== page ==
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Dogs of Dharam

The Dalai Lama wisely said, “Love and compassion are necessities, not luxuries. Without them, humanity cannot survive.”
Written by TJ Thompson | Photos by TJ Thompson and Hillary Levin
As a member of the press for the non-profit Technology Connection for Tibetan Nuns based in Baltimore, Maryland, I traveled to Dharamsala, India to take part in the 30th anniversary celebration of the Tibetan Nuns Project, headquartered in Seattle, Washington (tnp.org).

This enlightening trip included participation in four days of teachings by His Holiness. What struck me most during my trip was not the profound words I heard from the Buddhist leader of compassion, but rather the profound presence and plight of countless homeless dogs in the area.

The unpaved path getting from the airport to my hotel at the foot of the Himalaya Mountains was a winding drive through very narrow streets flanked by steep ditches. There was the constant sound of the multiple cab drivers’ high pitched horn honking along the road. “BEEP beep, BEEEP BEEP, BEEP!” The horn was not a form of road rage or an expression of anger so much as it was a warning: “Here comes a cab, get outta the way, hey move, Hey! These streets are barely wide enough for these cabs, you might get hit if you don’t get outta the way…!!” Unfortunately, many of the dogs wandering the streets don’t know the language of the horn, especially the young pups.

As I became more familiar with the area I saw dogs at every turn. Among them, at the temple where the teachings were held, I met a royal old girl who has made the grounds of the temple her domain. “Tsu” according to the locals has been the unofficial greeter and loyal supporter roaming the lawns for several years. “Puppet” as he had been dubbed due to his mangled legs, appeared to be able to function only by an angel pulling his strings to enable him to walk the streets to forage for food and water. There are many more that go unnamed, starving for food and human attention. At the end of a meal, I would ask for a “doggy bag” to pack up my leftovers, not for a later snack, but for the street dogs. These dogs showed such gratitude to the smallest display of kindness. They licked my hand after their small meal. They walked by my side rubbing their ears against my leg. I would be reminded of their failing health by the coarse, cracked dry nose that scratched the palm of my hand in a gentle nudge asking for attention. These stray dogs ask for very little.

Many of the dogs had a curious blue stripe on their head. I learned this is a mark earned after the dog had received a rabies vaccination usually given by the local rescue organization. It is a clearly visible sign that people need not fear being bit by this humble dog.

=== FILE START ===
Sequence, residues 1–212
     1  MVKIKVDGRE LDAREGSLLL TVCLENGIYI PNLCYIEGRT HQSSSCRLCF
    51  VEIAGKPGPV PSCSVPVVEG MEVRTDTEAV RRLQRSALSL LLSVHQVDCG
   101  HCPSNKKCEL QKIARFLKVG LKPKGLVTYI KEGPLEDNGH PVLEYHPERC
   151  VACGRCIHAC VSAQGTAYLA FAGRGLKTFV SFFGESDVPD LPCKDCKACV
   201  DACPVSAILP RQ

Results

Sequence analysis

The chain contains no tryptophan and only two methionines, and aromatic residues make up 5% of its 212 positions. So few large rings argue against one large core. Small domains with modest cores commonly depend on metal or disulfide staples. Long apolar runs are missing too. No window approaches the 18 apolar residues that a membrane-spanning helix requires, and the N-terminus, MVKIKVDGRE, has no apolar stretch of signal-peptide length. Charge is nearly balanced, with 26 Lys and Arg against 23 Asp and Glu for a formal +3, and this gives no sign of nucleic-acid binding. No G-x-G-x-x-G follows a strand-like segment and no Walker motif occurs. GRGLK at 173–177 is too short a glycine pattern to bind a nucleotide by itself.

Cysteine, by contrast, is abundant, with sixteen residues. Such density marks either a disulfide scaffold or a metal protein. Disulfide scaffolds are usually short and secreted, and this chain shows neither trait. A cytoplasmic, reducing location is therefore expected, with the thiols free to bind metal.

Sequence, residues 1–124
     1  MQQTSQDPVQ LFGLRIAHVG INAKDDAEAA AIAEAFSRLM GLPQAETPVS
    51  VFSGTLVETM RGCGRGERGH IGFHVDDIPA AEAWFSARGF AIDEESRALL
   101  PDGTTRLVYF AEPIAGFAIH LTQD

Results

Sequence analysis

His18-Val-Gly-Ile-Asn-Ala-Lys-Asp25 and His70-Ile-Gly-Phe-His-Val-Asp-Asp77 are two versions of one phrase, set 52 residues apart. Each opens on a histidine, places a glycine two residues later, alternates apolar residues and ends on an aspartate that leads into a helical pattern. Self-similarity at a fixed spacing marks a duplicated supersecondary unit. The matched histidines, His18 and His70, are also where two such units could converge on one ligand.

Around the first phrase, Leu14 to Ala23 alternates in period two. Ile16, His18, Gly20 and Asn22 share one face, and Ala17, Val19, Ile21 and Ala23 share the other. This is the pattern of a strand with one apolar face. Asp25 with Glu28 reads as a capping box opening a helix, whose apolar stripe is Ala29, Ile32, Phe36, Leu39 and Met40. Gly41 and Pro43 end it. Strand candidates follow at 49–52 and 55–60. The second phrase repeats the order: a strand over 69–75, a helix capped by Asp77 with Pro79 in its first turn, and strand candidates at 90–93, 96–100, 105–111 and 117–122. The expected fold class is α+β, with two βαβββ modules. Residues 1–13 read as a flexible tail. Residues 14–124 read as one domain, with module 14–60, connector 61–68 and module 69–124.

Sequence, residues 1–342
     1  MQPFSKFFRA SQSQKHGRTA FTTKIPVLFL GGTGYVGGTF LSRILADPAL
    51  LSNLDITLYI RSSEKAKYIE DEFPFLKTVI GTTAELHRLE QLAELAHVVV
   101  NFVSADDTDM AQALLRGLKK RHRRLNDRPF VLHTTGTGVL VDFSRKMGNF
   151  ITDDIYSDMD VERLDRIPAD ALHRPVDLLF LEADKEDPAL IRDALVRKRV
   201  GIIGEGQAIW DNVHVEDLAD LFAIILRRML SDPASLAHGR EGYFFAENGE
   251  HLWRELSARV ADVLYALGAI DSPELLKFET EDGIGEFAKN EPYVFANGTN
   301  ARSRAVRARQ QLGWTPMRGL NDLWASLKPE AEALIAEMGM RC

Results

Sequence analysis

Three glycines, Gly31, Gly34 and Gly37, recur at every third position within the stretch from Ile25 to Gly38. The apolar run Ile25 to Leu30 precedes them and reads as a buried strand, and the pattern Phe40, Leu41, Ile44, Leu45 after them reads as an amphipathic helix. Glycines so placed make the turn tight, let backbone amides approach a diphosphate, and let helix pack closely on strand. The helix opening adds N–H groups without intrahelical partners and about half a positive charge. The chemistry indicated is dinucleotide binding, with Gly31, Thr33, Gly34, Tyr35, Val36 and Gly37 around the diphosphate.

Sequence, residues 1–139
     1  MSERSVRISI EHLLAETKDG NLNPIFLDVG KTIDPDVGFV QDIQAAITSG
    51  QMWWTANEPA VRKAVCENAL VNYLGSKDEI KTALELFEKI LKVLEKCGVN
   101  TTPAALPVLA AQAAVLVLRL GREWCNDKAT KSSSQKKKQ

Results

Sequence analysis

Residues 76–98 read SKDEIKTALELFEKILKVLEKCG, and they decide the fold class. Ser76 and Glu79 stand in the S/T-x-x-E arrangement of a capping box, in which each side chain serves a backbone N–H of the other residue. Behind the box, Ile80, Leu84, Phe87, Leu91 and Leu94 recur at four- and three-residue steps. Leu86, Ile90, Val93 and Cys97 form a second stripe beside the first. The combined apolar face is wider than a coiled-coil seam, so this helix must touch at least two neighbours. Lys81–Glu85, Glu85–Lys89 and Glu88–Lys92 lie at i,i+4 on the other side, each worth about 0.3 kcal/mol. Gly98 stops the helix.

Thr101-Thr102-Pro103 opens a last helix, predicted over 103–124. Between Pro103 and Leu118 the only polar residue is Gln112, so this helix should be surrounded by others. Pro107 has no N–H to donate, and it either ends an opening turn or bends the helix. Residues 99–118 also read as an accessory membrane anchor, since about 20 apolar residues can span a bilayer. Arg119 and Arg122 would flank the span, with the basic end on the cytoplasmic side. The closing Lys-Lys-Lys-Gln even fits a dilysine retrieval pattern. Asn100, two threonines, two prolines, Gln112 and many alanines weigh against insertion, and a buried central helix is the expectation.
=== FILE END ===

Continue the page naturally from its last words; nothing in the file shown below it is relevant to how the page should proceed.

In India, rabies is an extreme health issue—so extreme, that the World Health Organization has made it a priority to end rabies in Asia by 2020. Many people die each year due to rabies infection. Either through the bite of a rabid dog or from consuming a rabid animal. According to National Animal Interest Alliance, “The scope of the stray dog problem in many parts of the world is unimaginable by American standards. Street and village dogs have always been part of the developing world’s landscape, but exploding populations and spiraling rabies epidemics have transformed this issue from a third world problem to a global public health priority.” There are animal shelters and dog rescue groups springing up throughout Asia. One such shelter is the Dharamsala Animal Rescue (darescue.org) that relies solely on donations.

Many of these too young, too slow, too lame, too deaf, too old or even blind rescued pups are unintentional victims of hurried cab drivers or a community that is not well versed in the value of animal companionship. The Dogs of Dharamsala (DAR) have this small team of angels that have been making attempts to care for these amazing dogs that the majority of the locals have chosen to avoid or ignore.

DAR’s founder Deb Jarrett, went to India looking to fill a void and make a true contribution by volunteering at a preschool. However, she writes what truly got to her, “was seeing an injured and bloody dog lying in the temple where the school was held, apparently left to die. It broke my heart to watch the dog suffer—and to see how little the local people seemed to care about his condition.” She created DAR to raise awareness about the animals of Dharamsala. Puppies like “Rambo,” who was saved at the age of three months after being hit by a car and left to die. The accident gave him severe nerve damage in his front leg that an amputation was required for him to live pain free. The rescue also provides a full veterinary check, and ensures all of the dogs available for adoption are sterilized/neutered, receive rabies and basic vaccinations, as well as preventive treatments against worms, fleas and ticks (it costs $10 to vaccinate a dog or $100 to sponsor a dog in need for one year).

According to the Chinese calendar, 2018 was the Year of the Dog, with the Dog a symbol for companion and guardian. Dogs are also a symbol of loyalty, faithfulness, and willingness to fight injustice. During this excursion to Dharamsala I came away believing I had an opportunity I could share with others to take a “paws” to truly understand and practice unconditional love, by being willing to join the fight against the injustice these innocent dogs endure while also contributing to the well-being of humankind. A reminder from Baltimore to Seattle, echoing that “Love and compassion are necessities, not luxuries. Without them, humanity cannot survive.”
 
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